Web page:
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    the material and the test are verified and approved by the USCG, the questions are the same....
  8. Capt J

    Capt J Senior Member

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    Yes and no. The same questions that are found in the 6 pack license are also found in the 100T and 200T, however in the 100T and 200T there are additional sectons and additional questions that are not in the 6 pack test. The Towing
  9. Pascal

    Pascal Senior Member

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    Towing is a separate endorsement and test... And for instance I don't recall nav rules in the 100t ...
  10. Henning

    Henning Senior Member

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    You have Nav General modules on all USCG tests, Inland to Oceans.

    Commercial Assist towing is a 10 question endorsement. Master of Towing Vessels requires time on towing vessels but has no test module. Commercial Assist is only an endorsement on 100 & 200 ton licenses. It is included with a 500 ton and 1600 ton.
  11. Henning

    Henning Senior Member

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    It is worth the time if you intend to use it. The license means you passed a test. How you choose to prepare for the test is what makes the difference. If you learn all the material required to get an OUPV, you will have a good foundation of knowledge to work with. It's all in how much effort you want to put into it to determine its actual value.

    I would suggest just putting together some more time and sitting for a limited tonnage Masters license. The OUPV license has a very restricted market, but if you're a small boat fishing or dive guide, it's all you need. If you don't intend to work it, actually getting an OUPV license is pretty much worthless. Insurance companies don't require CG licenses for private owner operators on vessels less than 25 gross tons. If you have a 75'+ boat and the insurance wants a license aboard, you'll need more than an OUPV. It's the same information you need to know to operate the vessel safely and professionally as well as passing the test, so if you study and learn the material to answer the questions, and all the questions are available free from the CG for every test they have, you can just test yourself and see where you stand.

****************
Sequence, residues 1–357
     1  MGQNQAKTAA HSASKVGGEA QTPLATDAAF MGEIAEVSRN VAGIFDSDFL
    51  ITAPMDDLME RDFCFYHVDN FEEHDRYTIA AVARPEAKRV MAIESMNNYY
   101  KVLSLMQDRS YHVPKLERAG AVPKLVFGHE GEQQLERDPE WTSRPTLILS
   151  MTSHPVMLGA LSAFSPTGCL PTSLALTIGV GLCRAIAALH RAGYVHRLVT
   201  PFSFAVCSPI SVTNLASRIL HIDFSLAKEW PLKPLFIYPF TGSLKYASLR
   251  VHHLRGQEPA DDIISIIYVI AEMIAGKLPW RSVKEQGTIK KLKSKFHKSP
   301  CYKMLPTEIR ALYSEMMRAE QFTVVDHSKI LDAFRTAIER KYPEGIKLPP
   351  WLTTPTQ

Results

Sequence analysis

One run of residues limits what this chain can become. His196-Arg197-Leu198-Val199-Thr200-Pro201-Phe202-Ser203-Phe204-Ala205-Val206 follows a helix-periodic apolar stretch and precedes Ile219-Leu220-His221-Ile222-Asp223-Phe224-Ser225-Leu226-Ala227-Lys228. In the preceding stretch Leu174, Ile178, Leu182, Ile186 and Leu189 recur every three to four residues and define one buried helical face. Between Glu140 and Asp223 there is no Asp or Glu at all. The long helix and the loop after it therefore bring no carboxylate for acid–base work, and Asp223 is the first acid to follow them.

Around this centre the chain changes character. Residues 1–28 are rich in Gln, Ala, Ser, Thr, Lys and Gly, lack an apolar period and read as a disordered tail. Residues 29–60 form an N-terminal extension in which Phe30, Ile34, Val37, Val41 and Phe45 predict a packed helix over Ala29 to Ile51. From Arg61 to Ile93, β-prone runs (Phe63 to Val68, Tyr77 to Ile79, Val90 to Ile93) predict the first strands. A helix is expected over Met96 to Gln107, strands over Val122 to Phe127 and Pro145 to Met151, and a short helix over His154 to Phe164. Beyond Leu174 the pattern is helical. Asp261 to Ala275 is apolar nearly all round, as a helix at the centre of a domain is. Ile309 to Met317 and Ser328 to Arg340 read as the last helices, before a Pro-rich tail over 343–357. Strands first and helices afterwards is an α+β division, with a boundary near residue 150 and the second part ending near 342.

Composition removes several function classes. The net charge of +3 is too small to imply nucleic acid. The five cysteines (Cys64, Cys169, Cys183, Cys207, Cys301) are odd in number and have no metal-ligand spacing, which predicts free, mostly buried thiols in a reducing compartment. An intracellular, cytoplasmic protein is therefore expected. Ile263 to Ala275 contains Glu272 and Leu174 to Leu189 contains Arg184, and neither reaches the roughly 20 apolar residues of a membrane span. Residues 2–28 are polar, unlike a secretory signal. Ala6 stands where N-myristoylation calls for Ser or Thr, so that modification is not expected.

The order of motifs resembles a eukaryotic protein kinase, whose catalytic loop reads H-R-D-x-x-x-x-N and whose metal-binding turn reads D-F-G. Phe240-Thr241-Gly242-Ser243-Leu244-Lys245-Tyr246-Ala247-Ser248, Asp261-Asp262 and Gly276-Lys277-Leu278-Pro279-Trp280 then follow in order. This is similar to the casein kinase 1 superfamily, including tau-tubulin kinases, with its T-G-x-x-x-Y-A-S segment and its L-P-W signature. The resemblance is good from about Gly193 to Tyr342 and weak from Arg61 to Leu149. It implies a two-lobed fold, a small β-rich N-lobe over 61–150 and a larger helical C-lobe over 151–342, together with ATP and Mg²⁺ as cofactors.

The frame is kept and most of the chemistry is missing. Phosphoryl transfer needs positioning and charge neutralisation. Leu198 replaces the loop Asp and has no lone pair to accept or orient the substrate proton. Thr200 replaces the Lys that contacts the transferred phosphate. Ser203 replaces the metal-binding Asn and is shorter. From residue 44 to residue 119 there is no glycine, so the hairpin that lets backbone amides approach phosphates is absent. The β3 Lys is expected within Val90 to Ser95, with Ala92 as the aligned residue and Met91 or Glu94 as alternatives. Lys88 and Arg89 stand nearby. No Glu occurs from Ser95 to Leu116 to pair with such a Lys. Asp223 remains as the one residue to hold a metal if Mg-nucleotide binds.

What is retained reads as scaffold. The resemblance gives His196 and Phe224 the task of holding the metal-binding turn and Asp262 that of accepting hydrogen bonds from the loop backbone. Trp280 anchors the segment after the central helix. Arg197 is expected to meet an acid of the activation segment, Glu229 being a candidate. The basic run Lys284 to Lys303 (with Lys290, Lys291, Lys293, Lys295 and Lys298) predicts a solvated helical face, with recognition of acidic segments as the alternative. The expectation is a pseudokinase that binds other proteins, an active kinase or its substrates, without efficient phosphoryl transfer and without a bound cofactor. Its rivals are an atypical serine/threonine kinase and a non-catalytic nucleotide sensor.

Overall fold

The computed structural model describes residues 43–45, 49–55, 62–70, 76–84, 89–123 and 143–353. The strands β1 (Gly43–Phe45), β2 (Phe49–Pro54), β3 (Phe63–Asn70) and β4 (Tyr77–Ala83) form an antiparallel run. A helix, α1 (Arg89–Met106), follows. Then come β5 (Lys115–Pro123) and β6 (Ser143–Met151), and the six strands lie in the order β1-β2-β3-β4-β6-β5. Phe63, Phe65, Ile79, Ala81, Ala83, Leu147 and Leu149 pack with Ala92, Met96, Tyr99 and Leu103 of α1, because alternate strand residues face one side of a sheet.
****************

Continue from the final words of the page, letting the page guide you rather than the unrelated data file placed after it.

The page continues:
Depending on your time on tonnage, the REC, yearly change of mind at the CG, they will issue you a 25, 50 or 100 ton ticket with 720 days. Sometimes even if all you have is small boat time, they'll write you a 100ton because it's the lowest they are writing, sometimes they'll give you a 25ton and tell you "Come back with 180 days of service time and we'll endorse it to 100 ton"
  12. Pascal

    Pascal Senior Member

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    "Insurance companies don't require CG licenses for private owner operators on vessels less than 25 gross tons."

    25GT isnt' a set tonnage, they typically dont' require a license until much larger than that for owner/operated boats. it depends on the underwriter and the owner's experience as well as how much of a jump in size.

    "Depending on your time on tonnage, the REC, yearly change of mind at the CG, they will issue you a 25, 50 or 100 ton ticket with 720 days. Sometimes even if all you have is small boat time, they'll write you a 100ton because it's the lowest they are writing, sometimes they'll give you a 25ton and tell you "Come back with 180 days of service time and we'll endorse it to 100 ton""

    this is misleading, the rules are very clear (in the CFR).
    ----
    50 GT increments, EITHER:
    1) Maximum tonnage on which 25% of required experience obtained, OR
    2) 150% tonnage on which at least 50% of experience obtained.
    ----

    for isntance if you have at least ...
    360 days on 40GT, you will get a 100T license
    180 days on 45GT you will get a 50T license
    360 days on 20GT you will get a 50T license
    180 days on 24GT you will get a 25T license

    100GT is NOT the lowest they are writing and it's not depending on their "change of mind", it's clearly stated in the CFRs.